Opinion

Take another look at I-937 and encourage new hydro generation

by Don C. Brunell
President, Association of
Washington Business


When Washington voters passed Initiative 937 in 2006, the intent was to increase energy efficiency and conservation. I-937 mandates that utilities with more than 25,000 customers purchase 15 percent of their electricity from renewable sources such as wind, solar and biomass by 2020.
Although AWB strongly supports all forms of renewable energy, we opposed the initiative because of its mandatory nature and because it will increase energy costs.
The initiative does not count hydropower as renewable energy, despite the fact that hydropower is Washingtons biggest source of renewable energy and produces no greenhouse gases. As a result, in order to meet the 15 percent threshold mandated by I-937, utilities in our state will be forced to sell our cheaper hydropower energy to California in exchange for more costly wind, solar and biomass energy.
Even before I-937, utilities and other investors were shifting their emphasis to renewable sources. For example, PacifiCorp, Puget Sound Energy and Energy Northwest make huge investments in the state line wind farm that stretches 50 miles from Kennewick to Walla Walla along the Oregon border.
Grant County PUD already started installing advanced turbines at Wanapum Dam, six miles south of I-90 at Vantage. The new turbines use less water, increase power production 14 to 20 percent and improve the survival rate (nearly 98 percent) of young salmon (smolts) migrating down the Columbia to the Pacific.
The PUD also installed a new fish passage that is reminiscent of a giant childrens slide at a city park. The idea is to lure the smolts away from the turbines and flood gates and then down the chute.
Grant is replacing one generator a year at Wanapum before doing the same at Priest Rapids Dam, 16 miles downstream. When completed, the PUD will have 20 more-efficient and fish-friendly generators.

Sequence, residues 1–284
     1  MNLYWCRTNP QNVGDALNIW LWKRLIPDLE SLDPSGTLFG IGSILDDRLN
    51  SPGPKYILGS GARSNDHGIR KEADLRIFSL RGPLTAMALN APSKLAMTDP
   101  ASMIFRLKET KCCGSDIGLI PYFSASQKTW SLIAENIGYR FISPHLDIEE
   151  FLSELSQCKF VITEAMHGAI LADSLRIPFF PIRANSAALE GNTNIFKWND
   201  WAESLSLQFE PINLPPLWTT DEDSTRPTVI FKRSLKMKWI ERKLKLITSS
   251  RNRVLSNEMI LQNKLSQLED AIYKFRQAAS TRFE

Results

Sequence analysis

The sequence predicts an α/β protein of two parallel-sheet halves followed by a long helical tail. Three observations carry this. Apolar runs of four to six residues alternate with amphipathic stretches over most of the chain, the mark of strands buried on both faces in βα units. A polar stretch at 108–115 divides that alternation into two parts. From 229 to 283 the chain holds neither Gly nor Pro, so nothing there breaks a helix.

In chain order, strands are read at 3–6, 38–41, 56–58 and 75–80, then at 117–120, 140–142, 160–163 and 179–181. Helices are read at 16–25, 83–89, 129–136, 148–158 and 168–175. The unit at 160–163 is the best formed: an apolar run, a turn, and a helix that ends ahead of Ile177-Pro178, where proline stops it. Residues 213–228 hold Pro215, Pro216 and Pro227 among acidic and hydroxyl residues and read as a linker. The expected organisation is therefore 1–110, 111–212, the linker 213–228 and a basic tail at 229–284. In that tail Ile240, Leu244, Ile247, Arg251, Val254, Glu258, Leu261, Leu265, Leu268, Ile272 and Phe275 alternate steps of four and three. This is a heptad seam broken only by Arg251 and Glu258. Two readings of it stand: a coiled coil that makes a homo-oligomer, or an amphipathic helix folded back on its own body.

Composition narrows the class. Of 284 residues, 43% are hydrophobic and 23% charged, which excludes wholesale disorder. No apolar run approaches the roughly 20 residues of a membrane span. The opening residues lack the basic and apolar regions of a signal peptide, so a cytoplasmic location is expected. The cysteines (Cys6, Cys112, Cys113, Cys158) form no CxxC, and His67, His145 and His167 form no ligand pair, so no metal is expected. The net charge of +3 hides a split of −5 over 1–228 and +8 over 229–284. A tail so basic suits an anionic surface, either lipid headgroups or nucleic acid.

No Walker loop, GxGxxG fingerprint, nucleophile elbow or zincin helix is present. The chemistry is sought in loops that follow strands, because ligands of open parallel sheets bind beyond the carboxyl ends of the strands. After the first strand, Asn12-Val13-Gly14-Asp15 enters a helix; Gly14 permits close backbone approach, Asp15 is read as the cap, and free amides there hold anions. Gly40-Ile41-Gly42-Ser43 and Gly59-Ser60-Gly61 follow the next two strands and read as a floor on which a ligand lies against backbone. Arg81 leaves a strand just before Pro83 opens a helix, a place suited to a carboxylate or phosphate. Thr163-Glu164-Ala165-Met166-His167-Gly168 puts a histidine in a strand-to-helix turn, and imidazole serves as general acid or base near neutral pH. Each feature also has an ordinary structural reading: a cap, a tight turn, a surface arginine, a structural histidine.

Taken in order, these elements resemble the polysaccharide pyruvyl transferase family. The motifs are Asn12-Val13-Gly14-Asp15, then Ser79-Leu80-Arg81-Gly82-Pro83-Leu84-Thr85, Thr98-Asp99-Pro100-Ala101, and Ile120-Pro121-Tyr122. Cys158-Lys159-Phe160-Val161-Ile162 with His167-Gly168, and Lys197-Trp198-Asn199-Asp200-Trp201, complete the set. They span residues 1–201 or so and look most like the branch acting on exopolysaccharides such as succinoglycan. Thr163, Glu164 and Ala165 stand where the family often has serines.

However, not all electric companies are as fortunate as Grant County PUD. Some are scrambling to find sites for wind farms as they are meeting resistance from neighbors. Such is the case with a proposed wind farm between Cle Elum and Ellensburg, where homeowners object to the giant towers.
When the legislators return to Olympia next January, they should review I-937 to assess how it is working for individual utilities and consider appropriate modifications.
For example, I-937 discourages new hydroelectric production. While it appears to allow for hydro improvements such as those underway at Wanapum and Priest Rapids and for irrigation pipes and canals although that is unclear at this point I-937 does not include power generated at new reservoirs.
That is counterproductive. There are many proposals on the drawing board to increase water storage for fish and agriculture. The idea is to store more spring runoff so it can be used for irrigation in the Odessa area, which is finding some of its wells drying up, as well as keeping streams and rivers from drying up. That area is fertile farmland for growing irrigated crops like potatoes.
The reservoirs would also produce clean electricity by running the stored water through a turbine before going downriver to supplement fish migration or irrigation.
Lawmakers should emphasize changing out older, less efficient generators at the Snake and Columbia River dams, as well. Upgrading the generators would not only increase survival rates for smolts migrating to the ocean, it would boost power from a source that does not produce greenhouse gases something that should be part of our climate change strategy.
Finally, elected officials should look at I-937 in terms of small water power projects. For example, Olympic National Park diverts a small part of the North Fork of the Skokomish River near the Staircase Campground. In fact you wont know the hydro plant was there if there wasnt a sign along the trail calling your attention to it. Currently, similar projects are discouraged under I-937.
Energy costs are rising and I-937 will make things worse. In the next session, state legislators should clarify the law and make it more open to hydropower, our states largest source of clean, affordable energy one that produces no greenhouse gases.

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